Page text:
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CYBER LAW TRACKER: April 2011

The Latest in Cybersecurity and Infrastructure Protection Legal Developments

 

U.S. Attorney’s Office for the District of Connecticut Files Civil Action Against “John Doe” Defendants Seeking Authorization to Seize Control of Coreflood Botnet

by T. Scott Cowperthwait, Posted on April 14, 2011

On April 12, 2011, the U.S. Attorney’s Office for the District of Connecticut initiated a civil action against 13 “John Doe” defendants with respect to a malicious software program, known as “Coreflood,” which steals data from infected computers.  The complaint charges the “John Doe” defendants with wire fraud (18 U.S.C. § 1343), bank fraud (18 U.S.C. § 1344) and unauthorized interception of electronic communications (18 U.S.C. § 2511) based on a scheme involving the use of Coreflood to obtain surreptitious and unauthorized access to computers throughout the United States. 

According to papers filed with the Court, the “John Doe” defendants and their co-conspirators use Coreflood to record keystrokes and Internet communications, including usernames, passwords and other private personal and financial information, and then extract online banking information credentials and other information.  They then use the stolen information to direct fraudulent wire transfers to themselves from the bank accounts of their victims.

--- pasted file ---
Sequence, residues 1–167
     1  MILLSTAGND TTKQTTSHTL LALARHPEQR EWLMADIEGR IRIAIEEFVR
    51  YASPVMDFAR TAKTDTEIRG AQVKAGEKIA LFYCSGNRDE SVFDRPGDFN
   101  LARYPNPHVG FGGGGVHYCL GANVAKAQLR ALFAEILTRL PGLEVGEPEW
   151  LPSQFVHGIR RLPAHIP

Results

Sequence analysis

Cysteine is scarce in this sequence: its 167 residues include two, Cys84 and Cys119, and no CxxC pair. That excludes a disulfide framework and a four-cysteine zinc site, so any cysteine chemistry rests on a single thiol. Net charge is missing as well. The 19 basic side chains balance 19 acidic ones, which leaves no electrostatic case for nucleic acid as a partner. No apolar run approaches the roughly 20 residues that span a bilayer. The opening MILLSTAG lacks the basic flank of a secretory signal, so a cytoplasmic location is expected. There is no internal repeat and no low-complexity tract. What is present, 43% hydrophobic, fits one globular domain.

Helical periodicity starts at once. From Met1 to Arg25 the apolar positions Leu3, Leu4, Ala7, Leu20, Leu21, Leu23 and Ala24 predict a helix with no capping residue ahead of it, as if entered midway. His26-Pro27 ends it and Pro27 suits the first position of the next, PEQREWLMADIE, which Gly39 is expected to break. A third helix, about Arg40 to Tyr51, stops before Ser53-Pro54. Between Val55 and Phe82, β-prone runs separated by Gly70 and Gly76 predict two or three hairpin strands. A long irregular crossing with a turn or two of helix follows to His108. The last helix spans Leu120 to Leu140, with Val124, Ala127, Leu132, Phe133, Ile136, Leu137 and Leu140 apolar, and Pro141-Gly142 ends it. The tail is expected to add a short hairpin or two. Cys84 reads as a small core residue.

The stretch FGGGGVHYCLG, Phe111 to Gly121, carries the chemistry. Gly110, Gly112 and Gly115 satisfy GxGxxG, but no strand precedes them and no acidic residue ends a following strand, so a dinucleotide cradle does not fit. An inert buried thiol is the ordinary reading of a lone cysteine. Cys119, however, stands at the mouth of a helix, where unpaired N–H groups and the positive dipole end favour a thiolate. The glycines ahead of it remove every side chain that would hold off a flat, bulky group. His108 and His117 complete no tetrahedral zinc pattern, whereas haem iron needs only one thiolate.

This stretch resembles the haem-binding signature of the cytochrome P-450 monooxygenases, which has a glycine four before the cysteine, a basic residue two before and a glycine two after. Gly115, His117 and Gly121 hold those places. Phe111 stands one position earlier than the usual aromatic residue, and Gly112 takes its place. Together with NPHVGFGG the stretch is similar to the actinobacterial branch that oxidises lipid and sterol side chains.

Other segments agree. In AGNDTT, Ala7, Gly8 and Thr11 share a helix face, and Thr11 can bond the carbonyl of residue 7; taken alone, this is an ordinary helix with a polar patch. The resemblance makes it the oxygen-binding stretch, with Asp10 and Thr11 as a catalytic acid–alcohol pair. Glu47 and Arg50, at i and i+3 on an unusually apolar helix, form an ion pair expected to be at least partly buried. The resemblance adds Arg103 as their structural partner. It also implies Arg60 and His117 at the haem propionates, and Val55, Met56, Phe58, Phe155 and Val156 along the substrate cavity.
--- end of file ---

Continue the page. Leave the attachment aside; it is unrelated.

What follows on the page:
Earlier this month, the government obtained search and seizure warrants authorizing the seizure of all known Coreflood command and control servers and associated Internet domain names.  While the seizure of the servers and domain names breaks the “John Doe” defendants’ control over the infected computers, it does not stop Coreflood from continuing to gather information from infected computers.  In an effort to address this gap, the government has requested the issuance of a restraining order and injunction which would authorize the government to establish a substitute server operated under law enforcement supervision by the non-profit Internet Systems Consortium.  The substitute server would continue to communicate with infected computers located in the United States and send commands to those computers directing Coreflood to stop running, thus disabling the malicious software program.  The Court has scheduled a hearing for April 25, 2011, on this matter.

Stay tuned for further alerts concerning issues relating to this first of its type enforcement action.